Half a billion tonnes of carbon emissions could be cut from Earth's atmosphere by improved management of peatlands, according to research partly undertaken at the University of Leicester.
A team of scientists, led by the UK Centre for Ecology and Hydrology (UKCEH), estimated the potential reduction of around 500 million tonnes in greenhouse gas (GHG) emissions by restoring all global agricultural peatlands.
Peatlands - a type of wetland, where dead vegetation is stopped from fully breaking down - cover just 3% of the global land surface, but store around 650 billion tonnes of carbon, around 100 billion tonnes more than all of the world's vegetation combined.
Dr Jörg Kaduk and Professor Sue Page, both from the University of Leicester's School of Geography, Geology and the Environment, are co-authors of the study published in Nature.
Professor Page said: "Our results present a challenge but also a great opportunity. Better water management in peatlands offers a potential 'win-win' - lower greenhouse gas emissions, improved soil health, extended agricultural lifetimes and reduced flood risk.
"For agricultural peatlands, the balance is between climate security, and livelihood and food security. Our study indicates that raising peatland water levels could allow peatland farmers to both reduce the climate impact of their activities and extend the usage of these very fertile organic soils through modified land management.
"However, this will not be possible in all locations, and will need to be considered alongside other options, including complete rewetting and ecosystem restoration."
In their natural state, peatlands can mitigate climate change by continuously removing the GHG carbon dioxide (CO2) from the atmosphere and storing it securely under waterlogged conditions. But many peatland areas have been substantially modified by human activity, including drainage for agriculture and forest plantations.
This results in the release of around 1.5 billion tonnes of CO2 into the atmosphere each year - which equates to three per cent of all global GHG emissions caused by human activities.
However, because large populations rely on these peatlands for their livelihoods, it may not be realistic to expect all agricultural peatlands to be fully returned to their natural condition in the near future.
The team therefore also analysed the impact of halving current drainage depths in croplands and grasslands on peat - which cover over 250,000km2 globally - and showed that this could still bring significant, realistic benefits for climate change mitigation. The study estimates this could cut emissions by around 500 million tonnes of CO2 a year, which equates to one per cent of all global GHG emissions caused by human activities.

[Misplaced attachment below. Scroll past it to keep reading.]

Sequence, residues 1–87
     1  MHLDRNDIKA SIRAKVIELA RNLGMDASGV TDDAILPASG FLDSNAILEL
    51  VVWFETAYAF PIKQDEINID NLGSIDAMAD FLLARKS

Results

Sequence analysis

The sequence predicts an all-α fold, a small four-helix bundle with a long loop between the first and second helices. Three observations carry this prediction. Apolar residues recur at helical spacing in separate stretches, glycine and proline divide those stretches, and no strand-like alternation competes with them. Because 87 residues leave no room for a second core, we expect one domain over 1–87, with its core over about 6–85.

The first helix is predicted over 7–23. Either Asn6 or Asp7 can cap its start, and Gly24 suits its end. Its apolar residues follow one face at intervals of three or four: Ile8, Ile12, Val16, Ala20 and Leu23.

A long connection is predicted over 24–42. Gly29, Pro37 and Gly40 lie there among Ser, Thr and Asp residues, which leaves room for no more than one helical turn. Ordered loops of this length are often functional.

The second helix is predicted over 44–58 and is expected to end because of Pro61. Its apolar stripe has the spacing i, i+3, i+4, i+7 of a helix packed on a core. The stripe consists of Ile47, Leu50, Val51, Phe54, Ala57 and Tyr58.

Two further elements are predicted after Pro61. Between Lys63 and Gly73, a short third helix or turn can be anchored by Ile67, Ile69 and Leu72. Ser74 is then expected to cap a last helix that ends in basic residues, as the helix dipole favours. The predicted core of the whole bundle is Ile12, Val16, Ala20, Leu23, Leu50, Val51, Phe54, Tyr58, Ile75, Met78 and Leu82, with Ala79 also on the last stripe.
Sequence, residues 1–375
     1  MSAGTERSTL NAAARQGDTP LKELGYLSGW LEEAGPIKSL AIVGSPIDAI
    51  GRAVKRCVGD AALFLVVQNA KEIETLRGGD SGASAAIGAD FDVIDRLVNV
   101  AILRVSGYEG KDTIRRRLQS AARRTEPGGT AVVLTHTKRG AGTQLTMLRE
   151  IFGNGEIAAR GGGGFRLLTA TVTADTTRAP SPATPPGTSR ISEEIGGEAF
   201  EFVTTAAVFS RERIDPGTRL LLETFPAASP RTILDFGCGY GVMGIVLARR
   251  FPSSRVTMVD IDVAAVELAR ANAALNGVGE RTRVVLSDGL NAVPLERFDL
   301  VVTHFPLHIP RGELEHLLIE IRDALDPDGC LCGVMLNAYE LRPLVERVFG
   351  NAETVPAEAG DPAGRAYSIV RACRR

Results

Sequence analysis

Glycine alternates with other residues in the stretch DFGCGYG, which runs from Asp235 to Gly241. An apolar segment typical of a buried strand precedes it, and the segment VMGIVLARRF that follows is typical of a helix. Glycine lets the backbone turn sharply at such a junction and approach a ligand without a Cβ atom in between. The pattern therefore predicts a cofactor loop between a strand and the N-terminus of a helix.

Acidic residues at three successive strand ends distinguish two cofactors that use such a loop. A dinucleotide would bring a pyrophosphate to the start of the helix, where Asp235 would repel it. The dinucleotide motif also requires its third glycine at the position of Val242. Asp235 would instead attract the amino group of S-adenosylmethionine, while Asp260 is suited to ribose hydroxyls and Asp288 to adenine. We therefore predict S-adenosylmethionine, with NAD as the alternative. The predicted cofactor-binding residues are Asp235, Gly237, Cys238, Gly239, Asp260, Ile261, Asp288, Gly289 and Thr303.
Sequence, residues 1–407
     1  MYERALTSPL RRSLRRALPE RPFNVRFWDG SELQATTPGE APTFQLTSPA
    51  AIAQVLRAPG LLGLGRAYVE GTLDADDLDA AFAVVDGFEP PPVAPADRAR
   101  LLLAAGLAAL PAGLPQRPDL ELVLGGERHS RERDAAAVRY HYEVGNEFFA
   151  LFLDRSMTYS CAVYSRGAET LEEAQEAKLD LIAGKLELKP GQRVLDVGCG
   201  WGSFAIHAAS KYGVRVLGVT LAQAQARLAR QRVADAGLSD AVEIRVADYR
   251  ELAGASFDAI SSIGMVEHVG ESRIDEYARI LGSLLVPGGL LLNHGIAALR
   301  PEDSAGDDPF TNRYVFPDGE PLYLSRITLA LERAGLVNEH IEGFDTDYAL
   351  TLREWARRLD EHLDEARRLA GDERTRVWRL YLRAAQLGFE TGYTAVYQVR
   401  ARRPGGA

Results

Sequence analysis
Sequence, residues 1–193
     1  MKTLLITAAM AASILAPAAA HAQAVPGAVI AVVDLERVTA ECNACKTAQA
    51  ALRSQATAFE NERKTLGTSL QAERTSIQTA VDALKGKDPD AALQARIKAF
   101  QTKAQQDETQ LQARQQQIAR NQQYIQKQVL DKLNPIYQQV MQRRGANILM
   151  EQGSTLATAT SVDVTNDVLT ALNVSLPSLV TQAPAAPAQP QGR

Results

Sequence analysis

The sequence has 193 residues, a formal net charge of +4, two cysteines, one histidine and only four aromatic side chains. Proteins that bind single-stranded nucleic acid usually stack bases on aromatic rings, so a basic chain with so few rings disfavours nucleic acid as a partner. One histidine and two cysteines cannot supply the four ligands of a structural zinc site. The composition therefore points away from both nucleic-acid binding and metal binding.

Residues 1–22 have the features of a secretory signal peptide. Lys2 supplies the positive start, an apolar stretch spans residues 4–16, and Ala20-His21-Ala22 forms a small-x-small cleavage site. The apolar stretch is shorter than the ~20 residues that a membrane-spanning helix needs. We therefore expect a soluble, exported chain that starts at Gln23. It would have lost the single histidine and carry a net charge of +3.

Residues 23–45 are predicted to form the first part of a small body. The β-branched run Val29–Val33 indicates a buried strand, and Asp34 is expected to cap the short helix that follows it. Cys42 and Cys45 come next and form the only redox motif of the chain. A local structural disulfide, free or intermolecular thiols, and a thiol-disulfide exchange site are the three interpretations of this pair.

Professor Chris Evans of UKCEH, who led the research, said: "Widespread peatland degradation will need to be addressed if the UK and other countries are to achieve their goal of net zero greenhouse gas emissions by 2050, as part of their contribution to the Paris climate agreement targets.
"Concerns over the economic and social consequences of rewetting agricultural peatlands have prevented large-scale restoration, but our study shows the development of locally appropriate mitigation measures could still deliver substantial reductions in emissions."
The scientists say potential reductions in GHG emissions from halving the drainage depth in agricultural peatlands are likely to be greater than estimated, given they did not include changes in emissions of the potent GHG nitrous oxide (N2O) which, like levels of CO2, are also likely to be higher in deep-drained agricultural peatlands.
The University of Leicester plays a prominent role in peatland research, as policy-makers look to make better use of this highly efficient resource. The Department for Environment, Food and Rural Affairs this month published the England Peat Action Plan, which sets out the government's long-term vision for the management, protection and restoration of peatland. The plan utilises information derived from several research projects to which University of Leicester has made key contributions, particularly on the scale of GHG emissions from peatlands in eastern England.
Dr Kaduk and Professor Page are also working with the Department for Business, Energy and Industrial Strategy in order to better understand the role that agricultural management of peatlands plays in releasing N2O, as well as examining the long-term effects of agricultural use of peatlands.
Dr Kaduk added: "This study is just the first step towards fully exploring the emission reductions achievable through a whole range of differentiated local mitigation measures. For example, together with our farming partners we are determining the effects of farming practices on greenhouse gas emissions."
And earlier this month, Professor Page addressed the Climate Exp0 conference on Leicester's peatland work ahead of COP26, the 2021 UN Climate Change Conference due to be held in Glasgow this November, of which the University is part.
The study in Nature, 'Overriding water table control on managed peatland greenhouse gas emissions', involved authors from UKCEH, the Swedish University of Agricultural Sciences, the University of Leeds, The James Hutton Institute, Bangor University, Durham University, Queen Mary University of London, University of Birmingham, University of Leicester, Rothamsted Research and Frankfurt University.